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Scala and Hadoop: Hand in Hand at Twitter

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If you have read the paper published by Google’s Jeffrey Dean and Sanjay Ghemawat (MapReduce: Simplied Data Processing on Large Clusters), they revealed that their work was inspired by the concept of functional languages: “Our abstraction is inspired by the map and reduce primitives present in Lisp and many other functional languages….Our use of a functional model with user-specified map and reduce operations allows us to parallelize large computations easily and to use re-execution as the primary mechanism for fault tolerance.”

Given the fact the Scala is a programming language that combines objective oriented and functional progarmming and runs on JVM, it is a fairly natural evolution to introduce Scala in Hadoop environment.  That is what Twitter engineers did. (See more on how Scala is used at Twitter: “Twitter on Scala” and “The Why and How of Scala at Twitter“). Scala has powerful support for mapping, filtering, pattern matching (regular expressions) so it is a pretty good fit for MapReduce jobs.


Twitter Scala based MapReduce implementation – Scalding – is based on Cascading Java API (that is where it is name coming from - it is essentially a Scala library built on top of Cascading API) and has been open-sourced this year. The code can be found in github.


In order to use scalding, you need to have Scala installed, you can grab the latest version from here. As of writing this article, the latest stable version is Scala 2.9.2, that was used by my tests, too.

$ scala
Welcome to Scala version 2.9.2 (Java HotSpot(TM) 64-Bit Server VM, Java 1.6.0_31).
Type in expressions to have them evaluated.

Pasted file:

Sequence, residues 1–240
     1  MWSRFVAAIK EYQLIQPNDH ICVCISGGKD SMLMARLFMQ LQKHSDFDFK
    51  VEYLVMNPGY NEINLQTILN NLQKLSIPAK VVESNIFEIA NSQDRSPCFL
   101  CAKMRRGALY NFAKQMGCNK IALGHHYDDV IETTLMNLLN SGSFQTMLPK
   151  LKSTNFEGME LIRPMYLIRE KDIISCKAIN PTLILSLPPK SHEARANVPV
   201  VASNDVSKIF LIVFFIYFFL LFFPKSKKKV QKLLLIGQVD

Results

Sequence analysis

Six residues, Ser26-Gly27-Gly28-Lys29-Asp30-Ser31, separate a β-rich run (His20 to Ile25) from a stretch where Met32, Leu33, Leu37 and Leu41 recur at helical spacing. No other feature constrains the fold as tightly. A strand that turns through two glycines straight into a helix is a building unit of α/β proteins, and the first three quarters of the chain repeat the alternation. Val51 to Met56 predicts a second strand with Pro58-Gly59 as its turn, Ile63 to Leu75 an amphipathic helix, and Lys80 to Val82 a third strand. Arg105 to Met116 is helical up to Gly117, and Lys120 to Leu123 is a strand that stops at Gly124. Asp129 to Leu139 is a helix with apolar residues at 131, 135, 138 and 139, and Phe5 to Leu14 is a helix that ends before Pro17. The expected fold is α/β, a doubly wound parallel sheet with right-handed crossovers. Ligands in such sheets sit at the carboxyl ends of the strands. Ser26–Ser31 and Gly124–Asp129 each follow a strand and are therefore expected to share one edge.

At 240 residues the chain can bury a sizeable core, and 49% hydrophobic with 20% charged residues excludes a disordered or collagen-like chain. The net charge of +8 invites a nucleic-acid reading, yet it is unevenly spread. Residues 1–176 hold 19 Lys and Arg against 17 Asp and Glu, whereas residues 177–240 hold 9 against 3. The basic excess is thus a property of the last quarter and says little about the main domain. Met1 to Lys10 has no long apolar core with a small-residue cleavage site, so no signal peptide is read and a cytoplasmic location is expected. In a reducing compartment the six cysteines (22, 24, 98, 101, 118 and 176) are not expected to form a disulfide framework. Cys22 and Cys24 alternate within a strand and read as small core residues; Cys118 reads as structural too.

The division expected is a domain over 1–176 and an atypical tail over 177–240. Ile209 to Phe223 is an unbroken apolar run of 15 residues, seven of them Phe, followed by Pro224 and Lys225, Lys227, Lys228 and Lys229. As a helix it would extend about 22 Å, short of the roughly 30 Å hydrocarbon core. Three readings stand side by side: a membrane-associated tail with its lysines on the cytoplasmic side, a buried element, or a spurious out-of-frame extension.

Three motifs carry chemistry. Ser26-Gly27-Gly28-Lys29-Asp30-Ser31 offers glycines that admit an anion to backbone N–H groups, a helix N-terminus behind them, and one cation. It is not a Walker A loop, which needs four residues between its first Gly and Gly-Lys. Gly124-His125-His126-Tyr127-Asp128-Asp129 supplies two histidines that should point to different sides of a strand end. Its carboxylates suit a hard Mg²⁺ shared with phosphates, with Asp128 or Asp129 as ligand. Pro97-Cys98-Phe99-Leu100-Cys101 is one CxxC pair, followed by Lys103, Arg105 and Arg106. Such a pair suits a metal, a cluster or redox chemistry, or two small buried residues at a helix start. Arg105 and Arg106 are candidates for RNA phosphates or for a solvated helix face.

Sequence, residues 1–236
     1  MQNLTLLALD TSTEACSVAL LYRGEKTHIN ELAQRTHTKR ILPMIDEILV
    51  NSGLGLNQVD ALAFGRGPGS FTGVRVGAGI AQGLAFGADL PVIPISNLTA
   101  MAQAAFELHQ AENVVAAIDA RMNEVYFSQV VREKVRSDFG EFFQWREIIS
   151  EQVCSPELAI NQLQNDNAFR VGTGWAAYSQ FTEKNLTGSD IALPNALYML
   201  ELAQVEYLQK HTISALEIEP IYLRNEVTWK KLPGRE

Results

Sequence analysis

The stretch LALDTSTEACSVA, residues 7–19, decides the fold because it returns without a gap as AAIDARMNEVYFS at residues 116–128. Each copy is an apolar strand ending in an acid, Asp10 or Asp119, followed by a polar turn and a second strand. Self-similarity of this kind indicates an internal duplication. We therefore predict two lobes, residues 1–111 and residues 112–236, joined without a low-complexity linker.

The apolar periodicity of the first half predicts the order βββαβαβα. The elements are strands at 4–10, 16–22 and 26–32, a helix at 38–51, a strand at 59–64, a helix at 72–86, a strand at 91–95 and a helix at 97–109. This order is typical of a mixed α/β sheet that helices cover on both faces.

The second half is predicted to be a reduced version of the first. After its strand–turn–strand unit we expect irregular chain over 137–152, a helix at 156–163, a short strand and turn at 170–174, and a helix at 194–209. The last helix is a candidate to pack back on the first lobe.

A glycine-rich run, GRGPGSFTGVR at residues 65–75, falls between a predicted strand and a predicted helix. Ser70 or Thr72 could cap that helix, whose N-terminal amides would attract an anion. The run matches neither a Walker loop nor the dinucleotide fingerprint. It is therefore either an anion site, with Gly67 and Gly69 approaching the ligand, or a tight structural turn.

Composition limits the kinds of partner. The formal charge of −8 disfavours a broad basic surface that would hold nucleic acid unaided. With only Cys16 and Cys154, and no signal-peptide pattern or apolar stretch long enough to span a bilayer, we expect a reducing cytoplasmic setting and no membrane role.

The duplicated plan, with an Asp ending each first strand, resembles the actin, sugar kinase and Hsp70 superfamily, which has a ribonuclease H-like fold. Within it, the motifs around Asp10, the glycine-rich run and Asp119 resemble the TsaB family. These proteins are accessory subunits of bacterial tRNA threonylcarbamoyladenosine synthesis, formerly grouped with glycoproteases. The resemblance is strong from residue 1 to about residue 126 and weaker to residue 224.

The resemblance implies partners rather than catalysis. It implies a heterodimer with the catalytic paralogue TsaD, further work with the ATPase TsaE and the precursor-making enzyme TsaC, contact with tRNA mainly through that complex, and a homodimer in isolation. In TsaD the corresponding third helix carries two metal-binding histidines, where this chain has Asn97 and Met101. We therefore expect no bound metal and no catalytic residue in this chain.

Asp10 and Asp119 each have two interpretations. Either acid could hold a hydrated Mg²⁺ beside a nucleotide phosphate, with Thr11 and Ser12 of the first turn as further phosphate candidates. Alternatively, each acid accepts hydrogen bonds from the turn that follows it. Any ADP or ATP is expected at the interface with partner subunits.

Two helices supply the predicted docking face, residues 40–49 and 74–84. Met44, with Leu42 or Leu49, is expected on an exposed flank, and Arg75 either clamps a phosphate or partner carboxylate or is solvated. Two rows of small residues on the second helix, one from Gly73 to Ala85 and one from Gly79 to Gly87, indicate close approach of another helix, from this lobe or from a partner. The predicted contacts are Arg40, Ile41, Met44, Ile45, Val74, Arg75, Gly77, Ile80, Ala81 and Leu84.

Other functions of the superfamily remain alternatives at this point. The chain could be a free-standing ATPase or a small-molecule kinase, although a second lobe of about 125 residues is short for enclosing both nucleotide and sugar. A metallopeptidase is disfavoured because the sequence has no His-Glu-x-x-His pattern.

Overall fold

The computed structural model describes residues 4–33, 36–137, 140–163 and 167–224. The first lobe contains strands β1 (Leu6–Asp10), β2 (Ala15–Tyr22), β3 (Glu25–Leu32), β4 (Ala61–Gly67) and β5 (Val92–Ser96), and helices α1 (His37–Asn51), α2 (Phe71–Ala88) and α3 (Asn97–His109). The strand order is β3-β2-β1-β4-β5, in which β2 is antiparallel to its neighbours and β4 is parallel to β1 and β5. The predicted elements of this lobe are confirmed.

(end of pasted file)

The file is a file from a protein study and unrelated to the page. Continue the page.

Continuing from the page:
Type :help for more information.


You also need sbt, the scala build tool. That can be downloaded from here. Unless you want to build the code from the source, you can just grap the jar file and create a sbt file, as described in the sbt Getting Started wiki. The sbt file is a one-liner but it requires quite some memory so if you are in a cloud envrionment, an extra small virtual machine might not fit to your need (that was the wall that I hit in the beginning).

java -Xms512M -Xmx1536M -Xss1M -XX:+CMSClassUnloadingEnabled -XX:MaxPermSize=384M -jar `dirname $0`/sbt-launch.jar "$@"

In addition, you will need ruby because there is a ruby wrapper to run the sclading Hadoop job in an easy way. I had ruby 1.8.6 for tests.

ruby --version
ruby 1.8.6 (2007-09-24 patchlevel 111) [x86_64-linux]

Dive into Scalding (Tribute to Mark Pilgrim)

Once you downloaded the code from Scalding repository using git clone command (git clone git@github.com:twitter/scalding.git) or got the zip file (as of writing this article it is named twitter-scalding-0.4.1-15-ga54a5a3.zip), you need to the run the following commands:
$ sbt update
$ sbt test
$ sbt assembly

The latter one creates a jar file which is used by the ruby wrapper script to run hadoop jobs – I came back to this later.

Since the Getting Started examples are full of WordCounts, I was going to try something different – I wanted to implement the 

$ hadoop jar hadoop-examples-*.jar grep input output Hello

code – not that this is something never seen, just for the taste. In the appendix you will see the original Grep Hadoop code from the distribution and you may appreciate the condensed Scala code. Do not get me wrong, this article is not meant to compare Java to Scala in any shape or form but still the style of Scala is remarkable.


import com.twitter.scalding._
import scala.util.matching.Regex

class GrepJob(args : Args) extends Job(args) {
    val pattern = new Regex(args("regexp"))

    .flatMap('line -> 'word)  { line : String => line.split("\\s+") }
    .flatMap('word -> 'match) { word : String => pattern.findAllIn(word).toList }
    .groupBy('match) { _.size }

You can run the code with the aforementioned scald.rb ruby wrapper which is in scripts directory. The code can be run locally or on hdfs (similar concept to Yelp’s mrjob python solution)

First, the standard Hadoop grep example:

$ hadoop jar /opt/hadoop/hadoop-examples- grep input output Hello
$ hadoop fs -cat output/part*
3       Hello

Then Scalding in local mode looks like this (but before you run it using the scald.rb script, you need to specify the host where you want to run the Hadoop job. This requires modifying the HOST variable in scald.rb file:

HOST=”my.remote.host” #where the job is rsynced to and run

In my case it was


Also I recommend to modify the REDUCERS variable in the scald.rb file, by default it is set to 100.)

scripts/scald.rb --local GrepJob.scala --input input.txt  --output output.txt --regexp  Hello